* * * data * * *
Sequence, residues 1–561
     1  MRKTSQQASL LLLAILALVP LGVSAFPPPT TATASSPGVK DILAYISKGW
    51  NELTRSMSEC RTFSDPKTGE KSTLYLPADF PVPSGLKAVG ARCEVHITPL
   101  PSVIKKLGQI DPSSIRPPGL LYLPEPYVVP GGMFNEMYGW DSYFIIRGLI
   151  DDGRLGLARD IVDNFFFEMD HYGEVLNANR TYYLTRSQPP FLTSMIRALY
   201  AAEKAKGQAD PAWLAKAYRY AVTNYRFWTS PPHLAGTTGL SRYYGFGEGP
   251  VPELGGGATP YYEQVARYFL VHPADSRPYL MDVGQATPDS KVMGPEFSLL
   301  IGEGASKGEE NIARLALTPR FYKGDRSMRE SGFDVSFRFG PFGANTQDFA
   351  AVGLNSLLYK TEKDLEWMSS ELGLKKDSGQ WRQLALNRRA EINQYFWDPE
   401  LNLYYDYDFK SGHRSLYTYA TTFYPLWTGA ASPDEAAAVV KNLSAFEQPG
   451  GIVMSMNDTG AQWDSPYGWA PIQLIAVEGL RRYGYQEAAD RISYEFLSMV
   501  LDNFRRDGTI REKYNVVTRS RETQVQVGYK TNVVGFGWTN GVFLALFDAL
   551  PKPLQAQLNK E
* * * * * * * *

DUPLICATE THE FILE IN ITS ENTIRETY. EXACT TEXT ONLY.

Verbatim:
Sequence, residues 1–561
     1  MRKTSQQASL LLLAILALVP LGVSAFPPPT TATASSPGVK DILAYISKGW
    51  NELTRSMSEC RTFSDPKTGE KSTLYLPADF PVPSGLKAVG ARCEVHITPL
   101  PSVIKKLGQI DPSSIRPPGL LYLPEPYVVP GGMFNEMYGW DSYFIIRGLI
   151  DDGRLGLARD IVDNFFFEMD HYGEVLNANR TYYLTRSQPP FLTSMIRALY
   201  AAEKAKGQAD PAWLAKAYRY AVTNYRFWTS PPHLAGTTGL SRYYGFGEGP
   251  VPELGGGATP YYEQVARYFL VHPADSRPYL MDVGQATPDS KVMGPEFSLL
   301  IGEGASKGEE NIARLALTPR FYKGDRSMRE SGFDVSFRFG PFGANTQDFA
   351  AVGLNSLLYK TEKDLEWMSS ELGLKKDSGQ WRQLALNRRA EINQYFWDPE
   401  LNLYYDYDFK SGHRSLYTYA TTFYPLWTGA ASPDEAAAVV KNLSAFEQPG
   451  GIVMSMNDTG AQWDSPYGWA PIQLIAVEGL RRYGYQEAAD RISYEFLSMV
   501  LDNFRRDGTI REKYNVVTRS RETQVQVGYK TNVVGFGWTN GVFLALFDAL
   551  PKPLQAQLNK E